Here’s why you should play the djembe for your overall well-being | health and fitness | Hindustan Times
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Here’s why you should play the djembe for your overall well-being

The djembe is the latest draw for wellness enthusiasts. Experts share more about the benefits of playing this humble West African drum.

health and fitness Updated: Sep 20, 2016 08:30 IST
Susan Jose
Djembe

A drum — due to its intrinsic rhythmic nature — has a unique way of benefiting those who play it.(Istock)

City dwellers are always on the lookout for interesting alternative therapies. Now, playing the djembe, an African drum, is gaining popularity among wellness enthusiasts. In fact, the sight of people playing the djembe in public spaces, especially malls, has become quite common in Mumbai.

“I have been organising open drum circles in the city for over four years. It started as a small group of people, who would gather on the streets of Mumbai. The agenda of this gathering was to use the drums to let go of our worries, sorrow and stress. I organise drum circles in association with a mall in Kurla, every Saturday,” says Amrut Bhat, a city-based drum circle facilitator and percussionist.

Drum circle being conducted by Varun Venkit.

While it is a known fact that playing music or learning to play music has positive effects on the mind and the body, experts feel that a drum — due to its intrinsic rhythmic nature — has a unique way of benefiting those who play it. What sets it apart is that it is a much simpler musical instrument as compared to a guitar or a harmonica.

Varun Venkit, a drum circle facilitator, and founder of Taal Inc, says, “A community drum circle, as we know it today, is different from the ones used in traditional healing experiences.” Venkit’s organisation brings “people together in rhythm and positively influences the areas of health and well-being through music and arts”.

He adds that it takes a certain amount of time before the community is ready for a therapeutic drumming session. “Currently, I am India’s only certified teacher of the djembe under the guidance of the grandmaster Mamady Keïta,” he says.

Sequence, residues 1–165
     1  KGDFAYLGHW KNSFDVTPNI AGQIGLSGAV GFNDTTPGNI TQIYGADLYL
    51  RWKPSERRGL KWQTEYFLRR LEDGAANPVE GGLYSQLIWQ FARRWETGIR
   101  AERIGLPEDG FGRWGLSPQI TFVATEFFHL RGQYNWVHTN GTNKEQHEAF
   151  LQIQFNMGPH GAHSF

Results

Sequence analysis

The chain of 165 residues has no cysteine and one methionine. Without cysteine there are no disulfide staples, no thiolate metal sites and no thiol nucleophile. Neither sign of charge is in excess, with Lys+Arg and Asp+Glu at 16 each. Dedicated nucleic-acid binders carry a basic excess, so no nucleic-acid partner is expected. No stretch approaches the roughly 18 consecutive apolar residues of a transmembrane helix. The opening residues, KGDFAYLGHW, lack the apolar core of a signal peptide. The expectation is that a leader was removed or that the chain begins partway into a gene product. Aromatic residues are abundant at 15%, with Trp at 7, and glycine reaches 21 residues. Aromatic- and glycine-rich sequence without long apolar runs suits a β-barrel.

Drum circle being conducted by Varun Venkit.

Talking about the health benefits of playing drums, in general, Neeta V Shetty, psychotherapist, says, “Drum training benefits stroke patients, and those with Parkinson’s disease, by regulating their gait and arm control. It helps refine their motor skills. It improves the precision, speed and smoothness of their movements. It also results in better hand-eye coordination.”

Benefits of playing the Djembe

1. Play it alone: While playing it alone, one may benefit from the physiological aspects of drumming (provided one is motivated enough to drum for a long period of time). “It enhances one’s concentration, promotes better flow of oxygen through deep breathing, reduces stress and anxiety, builds stamina, helps you ‘be in the now’ and makes you happy,” says Bhat.

2. Play it with your friends or community members: “This is the best way. From time immemorial, drumming has been and still is a community activity. Take the dhols that are played during Ganeshotsav for instance,” says Venkit. It strengthens communal bonds and teaches tolerance, as each participant plays the instrument as per his/her comfort and skill.

3. Play it with strangers: This kind of drumming helps break barriers and celebrate the one thing that brings us all together — our heartbeats. It acts as a major ice-breaker for shy people, builds confidence, patience, makes one a team player, and enhances one’s listening skills.

“Anything in excess is bad. Music is an abstract stimulus, which arouses feelings of euphoria and craving that are similar to tangible rewards. This increases the dopamine levels in the brain. Therefore, drumming in excess may not be beneficial,” says Shetty.

Djembe’s traditional use for mental and physical health is now being revived. (Istock)

Don’t play it if:

1. You’re averse to loud sounds.

2. Your shoulder joints, elbows or wrists are injured.

3. You’ve been recommended to keep cardio activity to the minimum.

With inputs from Namrata Dagia, clinical psychologist.

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